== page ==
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Let's say that we have computed a suffix tree in O(n) time, and wish to use this to create a suffix array. According to wikipedia:

A suffix tree can be built in $O(n)$ and can be converted into a suffix array by traversing the tree depth-first also in $O(n)$, so there exist algorithms that can build a suffix array in $O(n)$.

but in order to do this, the suffix tree must be traversed in lexicographical order. It is my understanding, that in order to do this, at each depth you must sort the outgoing edges and pick whichever is lexicographically the smallest, which would mean ultimately you end up sorting the entire alphabet (denoted as $k$) of whatever string you constructed the tree from, so hence $O(nk\log k)$ (assuming a well picked sorting algorithm).

I don't see how you could construct the suffix array in $O(n)$ time, even if when creating the suffix tree you sorted the edges, it would then take $O(nk\log k)$ time to make the suffix tree.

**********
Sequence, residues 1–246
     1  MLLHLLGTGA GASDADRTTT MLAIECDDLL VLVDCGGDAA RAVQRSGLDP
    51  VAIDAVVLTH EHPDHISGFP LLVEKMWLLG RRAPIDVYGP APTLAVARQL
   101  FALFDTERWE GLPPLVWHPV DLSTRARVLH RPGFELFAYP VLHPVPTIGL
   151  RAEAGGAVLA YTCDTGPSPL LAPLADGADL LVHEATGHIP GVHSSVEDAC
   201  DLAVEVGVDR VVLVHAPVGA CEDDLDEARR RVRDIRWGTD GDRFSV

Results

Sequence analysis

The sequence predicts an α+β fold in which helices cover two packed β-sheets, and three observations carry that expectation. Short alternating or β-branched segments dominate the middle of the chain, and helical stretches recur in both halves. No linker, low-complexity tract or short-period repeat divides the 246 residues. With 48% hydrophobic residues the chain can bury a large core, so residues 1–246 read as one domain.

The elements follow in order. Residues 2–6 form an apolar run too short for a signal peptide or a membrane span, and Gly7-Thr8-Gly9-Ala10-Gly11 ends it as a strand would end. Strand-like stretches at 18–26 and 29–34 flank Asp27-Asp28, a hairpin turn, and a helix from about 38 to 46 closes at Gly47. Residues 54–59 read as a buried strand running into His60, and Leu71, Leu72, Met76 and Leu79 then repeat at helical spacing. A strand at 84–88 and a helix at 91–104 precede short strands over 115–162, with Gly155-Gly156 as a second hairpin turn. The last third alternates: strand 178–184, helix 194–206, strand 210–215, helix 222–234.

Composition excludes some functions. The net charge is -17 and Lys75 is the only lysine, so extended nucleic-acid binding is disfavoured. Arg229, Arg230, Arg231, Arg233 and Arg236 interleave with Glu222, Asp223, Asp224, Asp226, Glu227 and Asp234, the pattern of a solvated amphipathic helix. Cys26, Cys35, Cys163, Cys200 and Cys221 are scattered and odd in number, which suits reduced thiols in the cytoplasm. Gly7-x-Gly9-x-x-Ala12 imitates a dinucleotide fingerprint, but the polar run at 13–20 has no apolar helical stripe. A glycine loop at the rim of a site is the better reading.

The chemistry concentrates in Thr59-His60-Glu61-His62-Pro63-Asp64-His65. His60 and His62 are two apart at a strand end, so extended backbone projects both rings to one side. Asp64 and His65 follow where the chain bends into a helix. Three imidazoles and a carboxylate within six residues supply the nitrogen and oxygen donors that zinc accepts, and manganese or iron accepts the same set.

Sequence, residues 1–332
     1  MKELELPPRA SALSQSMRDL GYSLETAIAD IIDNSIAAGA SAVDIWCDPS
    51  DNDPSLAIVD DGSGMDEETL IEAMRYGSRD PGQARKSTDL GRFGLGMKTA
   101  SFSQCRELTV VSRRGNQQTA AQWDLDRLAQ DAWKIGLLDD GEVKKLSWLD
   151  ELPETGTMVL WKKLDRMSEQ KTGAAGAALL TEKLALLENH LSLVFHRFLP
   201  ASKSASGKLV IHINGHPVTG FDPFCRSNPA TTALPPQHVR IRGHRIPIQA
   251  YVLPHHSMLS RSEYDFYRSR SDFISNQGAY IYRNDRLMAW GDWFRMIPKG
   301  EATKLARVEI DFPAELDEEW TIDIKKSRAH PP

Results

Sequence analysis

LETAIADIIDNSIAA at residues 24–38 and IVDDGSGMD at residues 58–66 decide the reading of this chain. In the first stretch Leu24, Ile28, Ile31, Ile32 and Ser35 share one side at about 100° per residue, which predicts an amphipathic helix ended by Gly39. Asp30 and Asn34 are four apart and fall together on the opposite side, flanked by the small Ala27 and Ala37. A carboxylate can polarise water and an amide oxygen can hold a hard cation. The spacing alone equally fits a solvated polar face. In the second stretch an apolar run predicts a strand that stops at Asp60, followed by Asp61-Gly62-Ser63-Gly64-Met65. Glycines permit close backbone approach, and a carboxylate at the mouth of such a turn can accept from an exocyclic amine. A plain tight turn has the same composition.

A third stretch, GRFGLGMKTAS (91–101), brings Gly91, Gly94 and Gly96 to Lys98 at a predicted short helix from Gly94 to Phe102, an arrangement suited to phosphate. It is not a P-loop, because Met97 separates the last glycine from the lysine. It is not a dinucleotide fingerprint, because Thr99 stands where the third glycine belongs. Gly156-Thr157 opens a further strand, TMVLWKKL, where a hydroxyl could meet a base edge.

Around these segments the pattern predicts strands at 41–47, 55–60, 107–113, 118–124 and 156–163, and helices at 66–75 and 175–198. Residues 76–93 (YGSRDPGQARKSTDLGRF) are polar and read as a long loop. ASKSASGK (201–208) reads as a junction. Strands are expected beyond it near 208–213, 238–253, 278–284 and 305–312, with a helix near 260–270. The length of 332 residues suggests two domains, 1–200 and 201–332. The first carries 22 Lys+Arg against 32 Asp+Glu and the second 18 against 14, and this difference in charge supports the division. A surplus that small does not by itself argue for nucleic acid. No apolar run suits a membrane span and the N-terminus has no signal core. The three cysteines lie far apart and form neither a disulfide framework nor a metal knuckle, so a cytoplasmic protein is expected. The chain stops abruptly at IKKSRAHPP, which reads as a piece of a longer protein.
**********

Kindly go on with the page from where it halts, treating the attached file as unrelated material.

Any clarity or help on this would be much appreciated!

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    $\begingroup$ at each depth you must sort the outgoing edges and pick whichever is lexicographically the smallest - if the representation of the suffix tree is the same as I expect, then all outgoing edges must start with different letters. I.e. at every node you need to sort only $|\Sigma|$ edges, where $\Sigma$ is the alphabet. Therefore, the additional factor will be at most $\log |\Sigma|$, not $\log n$. Usually, the representation is even more straightforward and the sorting will use $O(n |\Sigma|)$ time. $\endgroup$ – Dmitry Apr 28 at 3:27
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    $\begingroup$ @Dmitry Yes you are correct, my mistake. Even so, that still feels like it isn't O($n$) $\endgroup$ – Recessive Apr 28 at 3:29
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    $\begingroup$ I'm not sure, but the alphabet size is probably treated as a constant, so it's $O(n \cdot f(|\Sigma|))$ for some $f$, which is $O(n)$. $\endgroup$ – Dmitry Apr 28 at 3:31

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